The first day of the 2011 Major League Baseball Draft was yesterday, and in looking at the MLB Draft results and the reactions from around the interwebs, the reactions were rather negative in regards to the Texas Rangers' two selections.
At #33, the Texas Rangers took Georgia high school pitcher Kevin Matthews, a POUS (Pitcher Of Unusual Size), although the "unusual" is on the low end, rather than the high end...the lefthander is definitely below 6'0", although whether he's 5'8", 5'10", 5'11", we don't know.
The Rangers have gone this route before. They took small Southern lefty Kasey Kiker in the first round in the 2006 draft, and whiffed on him. They took small Southern lefty Robbie Ross in the second round in the 2008 draft, although Ross fell that far because of bonus demands, and Ross has looked like a solid prospect so far. They took small California lefty Robbie Erlin in the third round of the 2009 draft, and he's rocketed through the system, sitting at AA right now, and looking like a legitimate top 100 prospect in all of baseball.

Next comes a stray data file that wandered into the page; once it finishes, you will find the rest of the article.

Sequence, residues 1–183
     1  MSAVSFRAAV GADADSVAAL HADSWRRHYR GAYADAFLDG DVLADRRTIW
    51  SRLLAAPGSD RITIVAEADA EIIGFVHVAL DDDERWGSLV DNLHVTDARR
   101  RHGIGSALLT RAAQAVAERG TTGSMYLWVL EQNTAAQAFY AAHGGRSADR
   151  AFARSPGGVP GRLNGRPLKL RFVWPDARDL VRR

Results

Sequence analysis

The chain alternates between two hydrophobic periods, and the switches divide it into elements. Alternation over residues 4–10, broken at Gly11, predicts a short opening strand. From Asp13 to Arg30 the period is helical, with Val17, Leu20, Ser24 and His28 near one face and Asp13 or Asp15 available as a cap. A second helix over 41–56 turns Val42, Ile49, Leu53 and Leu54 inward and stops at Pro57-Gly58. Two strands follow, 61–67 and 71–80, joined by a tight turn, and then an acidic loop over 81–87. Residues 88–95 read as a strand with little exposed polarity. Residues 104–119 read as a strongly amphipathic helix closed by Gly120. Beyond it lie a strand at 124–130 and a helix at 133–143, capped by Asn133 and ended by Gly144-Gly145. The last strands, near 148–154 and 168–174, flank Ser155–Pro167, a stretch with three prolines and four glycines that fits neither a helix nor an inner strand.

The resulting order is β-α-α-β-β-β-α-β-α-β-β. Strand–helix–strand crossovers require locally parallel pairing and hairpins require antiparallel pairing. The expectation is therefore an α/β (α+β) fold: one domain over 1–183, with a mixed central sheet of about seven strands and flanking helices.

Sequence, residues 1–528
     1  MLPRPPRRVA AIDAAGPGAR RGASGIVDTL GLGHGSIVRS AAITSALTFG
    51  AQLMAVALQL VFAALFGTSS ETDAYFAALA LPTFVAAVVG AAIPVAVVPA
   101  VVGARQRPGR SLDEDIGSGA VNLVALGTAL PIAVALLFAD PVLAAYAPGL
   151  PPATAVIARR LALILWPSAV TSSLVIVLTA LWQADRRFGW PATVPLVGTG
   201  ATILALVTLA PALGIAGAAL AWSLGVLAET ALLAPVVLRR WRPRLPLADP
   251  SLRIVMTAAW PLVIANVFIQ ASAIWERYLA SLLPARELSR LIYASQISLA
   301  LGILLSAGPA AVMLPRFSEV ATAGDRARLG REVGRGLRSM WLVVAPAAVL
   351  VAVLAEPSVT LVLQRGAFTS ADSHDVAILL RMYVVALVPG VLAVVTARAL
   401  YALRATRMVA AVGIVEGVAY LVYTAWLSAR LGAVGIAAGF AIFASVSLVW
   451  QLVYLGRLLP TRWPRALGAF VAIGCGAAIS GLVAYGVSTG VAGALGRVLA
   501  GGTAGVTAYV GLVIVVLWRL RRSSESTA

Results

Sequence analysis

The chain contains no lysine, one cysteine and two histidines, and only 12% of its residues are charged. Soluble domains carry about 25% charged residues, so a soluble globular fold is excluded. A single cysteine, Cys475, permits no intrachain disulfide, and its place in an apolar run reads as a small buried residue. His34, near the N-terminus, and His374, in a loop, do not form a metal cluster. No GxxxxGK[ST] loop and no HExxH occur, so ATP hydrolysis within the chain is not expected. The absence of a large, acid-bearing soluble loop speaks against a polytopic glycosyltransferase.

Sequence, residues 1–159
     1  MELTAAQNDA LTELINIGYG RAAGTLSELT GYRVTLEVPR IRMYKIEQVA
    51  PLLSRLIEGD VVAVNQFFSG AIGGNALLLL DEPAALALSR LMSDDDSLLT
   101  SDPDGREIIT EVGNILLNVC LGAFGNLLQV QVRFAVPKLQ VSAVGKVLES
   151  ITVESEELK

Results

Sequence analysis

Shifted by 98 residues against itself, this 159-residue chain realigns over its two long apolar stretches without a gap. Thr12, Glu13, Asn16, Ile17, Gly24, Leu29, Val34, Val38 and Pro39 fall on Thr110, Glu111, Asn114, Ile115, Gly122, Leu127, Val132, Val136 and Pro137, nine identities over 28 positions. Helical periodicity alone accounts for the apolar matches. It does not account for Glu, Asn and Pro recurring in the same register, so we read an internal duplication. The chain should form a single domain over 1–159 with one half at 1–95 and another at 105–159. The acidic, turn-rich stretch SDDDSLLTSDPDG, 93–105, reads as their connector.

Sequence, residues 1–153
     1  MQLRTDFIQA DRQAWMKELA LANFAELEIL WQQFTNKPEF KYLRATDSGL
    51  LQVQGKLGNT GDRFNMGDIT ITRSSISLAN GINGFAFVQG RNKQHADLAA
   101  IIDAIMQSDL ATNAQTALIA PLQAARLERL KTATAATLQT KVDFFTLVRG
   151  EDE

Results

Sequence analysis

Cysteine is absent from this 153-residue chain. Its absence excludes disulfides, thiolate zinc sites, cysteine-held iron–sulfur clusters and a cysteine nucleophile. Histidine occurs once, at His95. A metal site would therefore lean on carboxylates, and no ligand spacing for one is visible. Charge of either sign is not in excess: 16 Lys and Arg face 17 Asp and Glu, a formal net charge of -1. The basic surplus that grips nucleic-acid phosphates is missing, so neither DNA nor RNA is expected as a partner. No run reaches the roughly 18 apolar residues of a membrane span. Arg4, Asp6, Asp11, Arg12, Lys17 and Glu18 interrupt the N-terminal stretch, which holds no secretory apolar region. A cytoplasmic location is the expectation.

So Matthews is another of that archetype, a small Southern lefthander who gets good grades for athleticism and clean mechanics, and whose velocity has varied dramatically, getting as high as 95 while primarily coming in in the upper 80s. The Rangers have tended to emphasize athleticism with the pitchers they draft, believing that athleticism helps for consistent mechanics which is the key to good command.